to any of the 168 terminals on the network. Most programs
could be transmitted to multiple subscribers simultaneously.
That differed from the branched tree used in cable systems,
which sends the same group of multiple video signals to many
subscribers, who pick which signal to
view on their set-top boxes.
The step-index multimode fibers
used in Hi-OVIS couldn’t match
the bandwidth of the coax used in
branched tree networks, but they
were smaller and did not require
amplifiers to span the length of the
system. More important, the switched
fiber network promised better support
for the social experiments that were
the key goals of Hi-OVIS.
A visionary project
Although fiber-optic technology was an essential part of Hi-OVIS, it was really a means to achieve social goals such as
those of American wired city projects. In a series of articles and
reports, Hi-OVIS managing director Masahiro Kawahata laid
out four specific social goals with a visionary’s enthusiasm:
c “Establishing a new community in which the public can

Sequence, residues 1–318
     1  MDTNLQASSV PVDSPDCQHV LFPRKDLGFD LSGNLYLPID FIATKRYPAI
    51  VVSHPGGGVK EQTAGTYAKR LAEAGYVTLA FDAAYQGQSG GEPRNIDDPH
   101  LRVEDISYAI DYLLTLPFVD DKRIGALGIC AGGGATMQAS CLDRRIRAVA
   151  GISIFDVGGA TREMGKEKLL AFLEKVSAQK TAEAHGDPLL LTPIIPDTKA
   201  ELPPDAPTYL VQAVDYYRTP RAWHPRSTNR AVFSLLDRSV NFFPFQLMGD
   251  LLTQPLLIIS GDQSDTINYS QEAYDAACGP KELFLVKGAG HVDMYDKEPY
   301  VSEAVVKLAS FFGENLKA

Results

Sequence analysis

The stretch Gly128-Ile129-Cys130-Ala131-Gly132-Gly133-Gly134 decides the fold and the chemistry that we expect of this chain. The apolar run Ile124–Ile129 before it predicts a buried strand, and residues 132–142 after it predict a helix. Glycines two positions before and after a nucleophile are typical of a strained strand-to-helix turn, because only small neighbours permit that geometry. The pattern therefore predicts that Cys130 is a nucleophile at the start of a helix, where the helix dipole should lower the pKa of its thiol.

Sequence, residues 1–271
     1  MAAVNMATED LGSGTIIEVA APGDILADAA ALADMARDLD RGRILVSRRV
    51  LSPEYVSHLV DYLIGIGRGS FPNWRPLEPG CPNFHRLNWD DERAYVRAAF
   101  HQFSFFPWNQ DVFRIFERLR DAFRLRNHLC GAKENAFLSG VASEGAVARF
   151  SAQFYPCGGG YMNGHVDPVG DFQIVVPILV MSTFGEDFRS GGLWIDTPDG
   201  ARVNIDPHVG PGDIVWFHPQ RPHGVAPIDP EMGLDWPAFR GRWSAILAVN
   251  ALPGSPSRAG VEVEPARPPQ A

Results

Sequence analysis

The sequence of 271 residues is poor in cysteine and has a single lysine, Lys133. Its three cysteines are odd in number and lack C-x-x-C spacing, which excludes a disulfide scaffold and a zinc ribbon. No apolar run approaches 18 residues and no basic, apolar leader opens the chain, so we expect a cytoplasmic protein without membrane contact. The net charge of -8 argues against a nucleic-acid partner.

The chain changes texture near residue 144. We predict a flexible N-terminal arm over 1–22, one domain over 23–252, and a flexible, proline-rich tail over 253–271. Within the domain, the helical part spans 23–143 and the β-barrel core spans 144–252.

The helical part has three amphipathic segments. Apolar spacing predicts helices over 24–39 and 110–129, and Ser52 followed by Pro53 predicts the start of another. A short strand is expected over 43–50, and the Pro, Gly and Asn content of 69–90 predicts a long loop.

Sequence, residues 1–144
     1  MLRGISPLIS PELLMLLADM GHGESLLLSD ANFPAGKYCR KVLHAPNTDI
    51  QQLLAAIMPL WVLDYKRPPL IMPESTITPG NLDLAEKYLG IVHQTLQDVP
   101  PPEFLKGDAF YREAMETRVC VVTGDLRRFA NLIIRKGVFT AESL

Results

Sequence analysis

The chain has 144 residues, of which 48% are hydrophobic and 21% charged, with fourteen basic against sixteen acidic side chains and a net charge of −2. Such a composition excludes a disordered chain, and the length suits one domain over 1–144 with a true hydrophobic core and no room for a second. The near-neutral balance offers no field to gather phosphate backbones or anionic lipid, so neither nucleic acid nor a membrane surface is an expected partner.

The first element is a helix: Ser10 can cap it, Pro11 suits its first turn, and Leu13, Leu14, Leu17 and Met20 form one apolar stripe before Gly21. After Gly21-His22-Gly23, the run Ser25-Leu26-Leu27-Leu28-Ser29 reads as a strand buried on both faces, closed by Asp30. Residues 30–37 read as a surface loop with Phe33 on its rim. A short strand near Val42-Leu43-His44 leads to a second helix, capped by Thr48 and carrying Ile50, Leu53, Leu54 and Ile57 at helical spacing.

participate of their own accord,” aiding each other and
building a strong local community.
c “Lifelong education” through face-to-face two-way telecommunications, helping participants to continue learning long
after they finished formal schooling.
c “Forming the safe local welfare society,” to enhance the
health and safety of the public, particularly children,
the handicapped and the elderly. The hope was that the
communication system would help build a community of
people helping each other, enhancing medical care and fire
prevention, and deterring crime.
c “Establishing the initiative in the selection of information,”
helping people cope with the overwhelming flood of infor-
mation so they could “regain inde-
pendent thinking and creativity.”
Kawahata’s objectives show con-
cern that television was becoming
too powerful and too passivating a
medium, drawing people away from
the local community and leaving
them isolated in their own homes.
Hi-OVIS sought to change television
so that it strengthened social bonds
within local communities and served
the public as more than a source of
passive entertainment. His objectives
are phrased in terms of Japanese society, but his concerns clearly
paralleled those of wired city developers in the United States.